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The Last Valentine: 04/22/09
Twoo wuv, the bread and butter of romance and inspirational fictional. Where would we be without that first moment of two strangers realizing they are soul mates. Now add put in a war to keep the lovers apart from their happily ever after and you either get a tragedy or you get schmaltz. The Last Valentine by James Michael Pratt is the latter.
February 14, 1944 Caroline Thomas says goodbye to her husband as he ships off the Pacific. They last embrace at Union Station in Los Angeles and he promises to be back in a year. Every year after that Caroline goes to the station to wait even though there is no evidence that he has survived the war. In the present, Caroline's son from that very short marriage tells this story of eternal love to a local television reporter and together they witness the miraculous return of the missing husband. Because of course twoo wuv transcends everything.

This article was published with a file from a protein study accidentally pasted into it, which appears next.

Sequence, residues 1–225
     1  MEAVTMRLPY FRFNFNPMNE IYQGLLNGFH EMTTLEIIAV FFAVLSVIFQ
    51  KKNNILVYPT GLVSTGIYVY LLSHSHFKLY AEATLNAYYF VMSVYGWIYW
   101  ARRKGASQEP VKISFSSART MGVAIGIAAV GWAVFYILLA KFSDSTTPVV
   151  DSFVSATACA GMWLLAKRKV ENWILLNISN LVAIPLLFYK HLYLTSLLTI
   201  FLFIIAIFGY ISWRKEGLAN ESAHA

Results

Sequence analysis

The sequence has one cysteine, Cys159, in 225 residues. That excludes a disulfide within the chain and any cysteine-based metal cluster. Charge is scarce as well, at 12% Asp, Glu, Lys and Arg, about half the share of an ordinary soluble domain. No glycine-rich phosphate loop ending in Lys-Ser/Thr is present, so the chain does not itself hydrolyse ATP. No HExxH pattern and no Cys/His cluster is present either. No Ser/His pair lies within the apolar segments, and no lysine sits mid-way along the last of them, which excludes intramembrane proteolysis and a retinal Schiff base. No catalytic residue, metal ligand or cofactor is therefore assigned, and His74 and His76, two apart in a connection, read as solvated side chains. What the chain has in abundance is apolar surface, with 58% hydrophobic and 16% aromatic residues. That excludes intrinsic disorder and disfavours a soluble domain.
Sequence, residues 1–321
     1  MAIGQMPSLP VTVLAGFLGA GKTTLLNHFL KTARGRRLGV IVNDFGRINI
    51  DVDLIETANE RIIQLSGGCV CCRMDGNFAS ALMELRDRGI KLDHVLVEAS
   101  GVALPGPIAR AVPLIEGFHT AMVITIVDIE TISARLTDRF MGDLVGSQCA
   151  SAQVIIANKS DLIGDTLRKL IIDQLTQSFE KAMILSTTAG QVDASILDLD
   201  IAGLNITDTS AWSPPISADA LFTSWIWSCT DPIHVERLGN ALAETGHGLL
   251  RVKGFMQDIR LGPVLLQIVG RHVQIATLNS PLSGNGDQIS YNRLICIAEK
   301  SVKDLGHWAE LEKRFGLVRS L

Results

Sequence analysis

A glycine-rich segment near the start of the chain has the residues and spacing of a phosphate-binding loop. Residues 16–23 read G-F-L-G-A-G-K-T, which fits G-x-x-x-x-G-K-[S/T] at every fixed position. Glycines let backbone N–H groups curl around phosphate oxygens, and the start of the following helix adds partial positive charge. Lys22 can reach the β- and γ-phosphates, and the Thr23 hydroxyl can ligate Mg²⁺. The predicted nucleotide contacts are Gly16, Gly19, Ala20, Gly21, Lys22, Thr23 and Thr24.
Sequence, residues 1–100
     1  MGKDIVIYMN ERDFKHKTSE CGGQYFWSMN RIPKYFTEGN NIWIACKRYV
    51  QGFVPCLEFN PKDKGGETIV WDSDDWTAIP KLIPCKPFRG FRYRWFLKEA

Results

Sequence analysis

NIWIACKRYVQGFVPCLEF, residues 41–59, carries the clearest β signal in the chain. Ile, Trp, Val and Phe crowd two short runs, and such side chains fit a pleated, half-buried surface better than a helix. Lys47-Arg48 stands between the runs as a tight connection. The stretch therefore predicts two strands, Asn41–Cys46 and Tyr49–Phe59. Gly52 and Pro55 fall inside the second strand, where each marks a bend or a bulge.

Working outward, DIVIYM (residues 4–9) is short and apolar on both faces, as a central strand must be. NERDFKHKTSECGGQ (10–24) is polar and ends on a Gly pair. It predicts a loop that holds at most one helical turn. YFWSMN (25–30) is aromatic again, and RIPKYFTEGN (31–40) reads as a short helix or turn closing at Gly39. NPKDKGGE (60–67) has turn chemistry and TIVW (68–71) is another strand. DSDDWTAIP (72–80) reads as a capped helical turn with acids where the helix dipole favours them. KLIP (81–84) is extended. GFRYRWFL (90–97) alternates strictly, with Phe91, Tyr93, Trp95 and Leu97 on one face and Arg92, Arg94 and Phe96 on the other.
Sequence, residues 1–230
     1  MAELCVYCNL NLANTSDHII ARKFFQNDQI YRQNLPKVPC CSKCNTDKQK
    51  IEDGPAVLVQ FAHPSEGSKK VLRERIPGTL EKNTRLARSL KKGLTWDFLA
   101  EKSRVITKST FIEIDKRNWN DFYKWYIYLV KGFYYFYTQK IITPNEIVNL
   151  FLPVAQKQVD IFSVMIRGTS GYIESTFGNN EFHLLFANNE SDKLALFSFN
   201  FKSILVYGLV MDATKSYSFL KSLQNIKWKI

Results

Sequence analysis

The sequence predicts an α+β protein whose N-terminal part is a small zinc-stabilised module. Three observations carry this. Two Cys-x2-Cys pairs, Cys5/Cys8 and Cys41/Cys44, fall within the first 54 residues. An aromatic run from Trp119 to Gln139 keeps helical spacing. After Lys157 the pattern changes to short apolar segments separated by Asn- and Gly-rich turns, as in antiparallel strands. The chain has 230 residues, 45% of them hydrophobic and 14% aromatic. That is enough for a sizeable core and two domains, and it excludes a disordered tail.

The World War Two pieces of the book are interesting. As a historical novel, The Last Valentine is pretty good. The details are convincing and the coverage of the war has some dramatic moments. Likewise, the reporter's skeptical approach the son's story has some mystery and could have been fine by itself. The weaving of the two together with the over-wrought theme of true love didn't work for me.
If Caroline and Neil had known each other longer and been married longer their love for each other would have felt more real. Caroline's devotion to a husband she knew only for a few months doesn't explain why after fifty years of waiting she hasn't moved on with her life. I know that present day me with nearly two decades of shard experiences with my husband would be far more willing to wait for him to return if he disappeared than I would have been at the start of our relationship. For a better and more believable example of transcendent true love, read Persistence of Memory by J. M. Snyder.